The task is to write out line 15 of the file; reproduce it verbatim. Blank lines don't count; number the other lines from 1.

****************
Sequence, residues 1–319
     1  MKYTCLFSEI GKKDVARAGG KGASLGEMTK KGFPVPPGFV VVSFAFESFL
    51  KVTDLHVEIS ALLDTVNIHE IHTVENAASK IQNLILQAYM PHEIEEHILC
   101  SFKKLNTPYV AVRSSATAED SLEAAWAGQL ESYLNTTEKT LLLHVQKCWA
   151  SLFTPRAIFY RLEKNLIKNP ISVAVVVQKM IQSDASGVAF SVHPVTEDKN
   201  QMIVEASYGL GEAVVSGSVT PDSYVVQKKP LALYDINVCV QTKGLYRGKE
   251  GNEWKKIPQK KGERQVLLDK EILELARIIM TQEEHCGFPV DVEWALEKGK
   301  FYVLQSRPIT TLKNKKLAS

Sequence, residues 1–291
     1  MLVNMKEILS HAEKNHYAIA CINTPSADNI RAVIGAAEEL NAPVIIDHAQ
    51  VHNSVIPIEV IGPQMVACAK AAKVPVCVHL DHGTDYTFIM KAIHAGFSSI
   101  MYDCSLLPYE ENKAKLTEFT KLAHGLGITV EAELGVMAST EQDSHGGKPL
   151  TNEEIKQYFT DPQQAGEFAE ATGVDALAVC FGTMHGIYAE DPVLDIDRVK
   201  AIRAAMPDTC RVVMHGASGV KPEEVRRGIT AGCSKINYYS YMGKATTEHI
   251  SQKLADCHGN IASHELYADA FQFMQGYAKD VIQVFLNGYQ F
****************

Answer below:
   251  SQKLADCHGN IASHELYADA FQFMQGYAKD VIQVFLNGYQ F